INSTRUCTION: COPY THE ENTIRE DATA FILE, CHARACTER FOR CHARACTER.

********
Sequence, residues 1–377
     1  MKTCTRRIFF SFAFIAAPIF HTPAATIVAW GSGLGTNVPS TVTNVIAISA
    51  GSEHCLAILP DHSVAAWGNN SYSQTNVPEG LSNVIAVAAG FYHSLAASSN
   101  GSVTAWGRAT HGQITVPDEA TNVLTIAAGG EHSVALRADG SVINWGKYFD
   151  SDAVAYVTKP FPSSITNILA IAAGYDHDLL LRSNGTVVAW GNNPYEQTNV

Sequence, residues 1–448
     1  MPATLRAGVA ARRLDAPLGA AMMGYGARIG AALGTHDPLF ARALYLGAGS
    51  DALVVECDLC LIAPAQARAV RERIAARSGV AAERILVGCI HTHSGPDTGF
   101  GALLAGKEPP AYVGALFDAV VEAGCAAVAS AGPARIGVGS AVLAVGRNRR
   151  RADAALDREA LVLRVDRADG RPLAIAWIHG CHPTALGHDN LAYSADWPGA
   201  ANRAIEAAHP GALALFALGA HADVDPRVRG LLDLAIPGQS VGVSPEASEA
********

Sequence, residues 1–377
     1  MKTCTRRIFF SFAFIAAPIF HTPAATIVAW GSGLGTNVPS TVTNVIAISA
    51  GSEHCLAILP DHSVAAWGNN SYSQTNVPEG LSNVIAVAAG FYHSLAASSN
   101  GSVTAWGRAT HGQITVPDEA TNVLTIAAGG EHSVALRADG SVINWGKYFD
   151  SDAVAYVTKP FPSSITNILA IAAGYDHDLL LRSNGTVVAW GNNPYEQTNV

Sequence, residues 1–448
     1  MPATLRAGVA ARRLDAPLGA AMMGYGARIG AALGTHDPLF ARALYLGAGS
    51  DALVVECDLC LIAPAQARAV RERIAARSGV AAERILVGCI HTHSGPDTGF
   101  GALLAGKEPP AYVGALFDAV VEAGCAAVAS AGPARIGVGS AVLAVGRNRR
   151  RADAALDREA LVLRVDRADG RPLAIAWIHG CHPTALGHDN LAYSADWPGA
   201  ANRAIEAAHP GALALFALGA HADVDPRVRG LLDLAIPGQS VGVSPEASEA